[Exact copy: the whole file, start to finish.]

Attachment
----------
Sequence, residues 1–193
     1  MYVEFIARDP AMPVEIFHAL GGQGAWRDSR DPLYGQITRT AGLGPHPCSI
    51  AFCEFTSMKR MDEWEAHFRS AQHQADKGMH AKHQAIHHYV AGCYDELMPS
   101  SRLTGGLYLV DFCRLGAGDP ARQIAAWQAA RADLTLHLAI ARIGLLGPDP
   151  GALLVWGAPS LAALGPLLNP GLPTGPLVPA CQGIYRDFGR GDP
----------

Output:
Sequence, residues 1–193
     1  MYVEFIARDP AMPVEIFHAL GGQGAWRDSR DPLYGQITRT AGLGPHPCSI
    51  AFCEFTSMKR MDEWEAHFRS AQHQADKGMH AKHQAIHHYV AGCYDELMPS
   101  SRLTGGLYLV DFCRLGAGDP ARQIAAWQAA RADLTLHLAI ARIGLLGPDP
   151  GALLVWGAPS LAALGPLLNP GLPTGPLVPA CQGIYRDFGR GDP